The Justice Department on Wednesday indicted four current and former executives from chicken producers Pilgrim's Pride and Claxton Poultry Farms over allegations of conspiracy to fix prices and rig bids between 2012 and 2017, the first charges in an ongoing antitrust investigation, according to a statement from the agency.
The four executives charged with one-count indictments include Pilgrim's Pride CEO Jayson Penn and former vice president Roger Austin, as well as Claxton Poultry Farms president Mikell Fries and vice president Scott Brady.
The Justice Department launched an investigation into potential price fixing between major poultry producers last year following years of accusations and litigation against producers like Perdue Farms, Sanderson Farms and Tyson Foods.
According to the Wall Street Journal, poultry prices rose 11% between 2012 and 2018, then fell 27% between 2019 and February 2020 due to ramped up production and expansion.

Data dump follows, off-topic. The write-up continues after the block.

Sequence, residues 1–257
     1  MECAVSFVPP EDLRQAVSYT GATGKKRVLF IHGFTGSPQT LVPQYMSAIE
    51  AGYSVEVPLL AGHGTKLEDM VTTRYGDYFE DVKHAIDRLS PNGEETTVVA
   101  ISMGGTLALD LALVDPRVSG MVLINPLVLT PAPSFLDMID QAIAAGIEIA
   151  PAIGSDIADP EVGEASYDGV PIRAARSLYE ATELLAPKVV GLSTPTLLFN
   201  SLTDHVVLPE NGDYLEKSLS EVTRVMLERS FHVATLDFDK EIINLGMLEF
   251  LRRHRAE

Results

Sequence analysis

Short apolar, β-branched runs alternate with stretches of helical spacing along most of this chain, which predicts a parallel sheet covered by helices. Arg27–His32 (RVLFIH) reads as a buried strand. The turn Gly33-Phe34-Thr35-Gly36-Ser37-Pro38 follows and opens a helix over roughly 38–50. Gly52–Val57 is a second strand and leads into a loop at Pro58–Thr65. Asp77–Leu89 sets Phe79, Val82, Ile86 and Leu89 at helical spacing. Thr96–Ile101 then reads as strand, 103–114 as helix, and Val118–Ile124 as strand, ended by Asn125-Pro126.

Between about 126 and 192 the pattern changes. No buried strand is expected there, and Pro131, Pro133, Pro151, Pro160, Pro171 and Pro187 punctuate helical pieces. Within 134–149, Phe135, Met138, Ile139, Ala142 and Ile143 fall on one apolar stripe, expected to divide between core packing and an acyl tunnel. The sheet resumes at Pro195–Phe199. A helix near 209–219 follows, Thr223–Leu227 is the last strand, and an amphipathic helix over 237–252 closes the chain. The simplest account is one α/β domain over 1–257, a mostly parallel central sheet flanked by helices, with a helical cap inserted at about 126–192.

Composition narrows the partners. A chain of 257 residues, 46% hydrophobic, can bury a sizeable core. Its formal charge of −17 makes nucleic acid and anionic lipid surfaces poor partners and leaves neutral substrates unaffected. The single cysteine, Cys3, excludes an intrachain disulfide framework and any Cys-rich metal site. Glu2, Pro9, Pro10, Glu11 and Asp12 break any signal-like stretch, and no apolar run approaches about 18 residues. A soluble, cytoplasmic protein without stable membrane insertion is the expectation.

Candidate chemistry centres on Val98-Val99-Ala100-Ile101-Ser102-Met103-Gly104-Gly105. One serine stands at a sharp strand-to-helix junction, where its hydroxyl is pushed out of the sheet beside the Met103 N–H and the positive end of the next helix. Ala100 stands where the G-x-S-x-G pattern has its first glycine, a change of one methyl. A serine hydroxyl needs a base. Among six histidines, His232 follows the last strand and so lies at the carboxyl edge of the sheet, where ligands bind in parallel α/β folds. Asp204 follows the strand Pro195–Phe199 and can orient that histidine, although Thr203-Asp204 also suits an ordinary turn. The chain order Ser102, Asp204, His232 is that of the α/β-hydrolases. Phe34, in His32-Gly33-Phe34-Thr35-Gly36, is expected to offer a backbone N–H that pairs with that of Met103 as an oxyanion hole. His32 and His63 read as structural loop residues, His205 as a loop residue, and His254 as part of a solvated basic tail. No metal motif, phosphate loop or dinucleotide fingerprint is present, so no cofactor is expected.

Pilgrim's Pride stock immediately dove after news broke of the indictments, falling 16% before bouncing back up slightly.
Forbes has reached out to Pilgrim's Pride and Claxton Poultry Farms for comment.
17%. That's how much Pilgrim's Pride represents of the greatly consolidated U.S. poultry market, according to the Wall Street Journal.
Market consolidation also proved a liability for poultry and meat producers during the Covid-19 pandemic. Major companies like Tyson and Smithfield Foods have been forced to shut down plants as facilities become sites of outbreaks and workers refuse to clock in, knocking processing capacity down during the pandemic.
Pilgrim's Pride is majority owned by beef and pork processor JBS. The company reported 2019 net income of $456 million off revenue of $11 billion.